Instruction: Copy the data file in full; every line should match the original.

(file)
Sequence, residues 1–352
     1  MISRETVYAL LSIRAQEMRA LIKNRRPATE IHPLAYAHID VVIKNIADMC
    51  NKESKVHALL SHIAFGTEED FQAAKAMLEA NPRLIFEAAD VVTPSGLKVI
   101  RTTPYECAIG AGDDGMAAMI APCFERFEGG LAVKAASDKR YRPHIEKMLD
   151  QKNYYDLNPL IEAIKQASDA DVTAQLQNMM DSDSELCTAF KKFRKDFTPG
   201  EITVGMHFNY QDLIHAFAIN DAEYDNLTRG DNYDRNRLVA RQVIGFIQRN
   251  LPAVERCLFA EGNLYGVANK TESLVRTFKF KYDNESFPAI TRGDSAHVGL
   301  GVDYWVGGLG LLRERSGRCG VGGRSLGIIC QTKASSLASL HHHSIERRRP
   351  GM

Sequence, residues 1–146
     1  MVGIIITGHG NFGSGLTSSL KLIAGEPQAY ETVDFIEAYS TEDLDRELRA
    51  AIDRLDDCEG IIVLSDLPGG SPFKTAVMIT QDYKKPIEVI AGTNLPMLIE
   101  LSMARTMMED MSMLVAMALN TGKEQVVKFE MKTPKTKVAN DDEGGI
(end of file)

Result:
Sequence, residues 1–352
     1  MISRETVYAL LSIRAQEMRA LIKNRRPATE IHPLAYAHID VVIKNIADMC
    51  NKESKVHALL SHIAFGTEED FQAAKAMLEA NPRLIFEAAD VVTPSGLKVI
   101  RTTPYECAIG AGDDGMAAMI APCFERFEGG LAVKAASDKR YRPHIEKMLD
   151  QKNYYDLNPL IEAIKQASDA DVTAQLQNMM DSDSELCTAF KKFRKDFTPG
   201  EITVGMHFNY QDLIHAFAIN DAEYDNLTRG DNYDRNRLVA RQVIGFIQRN
   251  LPAVERCLFA EGNLYGVANK TESLVRTFKF KYDNESFPAI TRGDSAHVGL
   301  GVDYWVGGLG LLRERSGRCG VGGRSLGIIC QTKASSLASL HHHSIERRRP
   351  GM

Sequence, residues 1–146
     1  MVGIIITGHG NFGSGLTSSL KLIAGEPQAY ETVDFIEAYS TEDLDRELRA
    51  AIDRLDDCEG IIVLSDLPGG SPFKTAVMIT QDYKKPIEVI AGTNLPMLIE
   101  LSMARTMMED MSMLVAMALN TGKEQVVKFE MKTPKTKVAN DDEGGI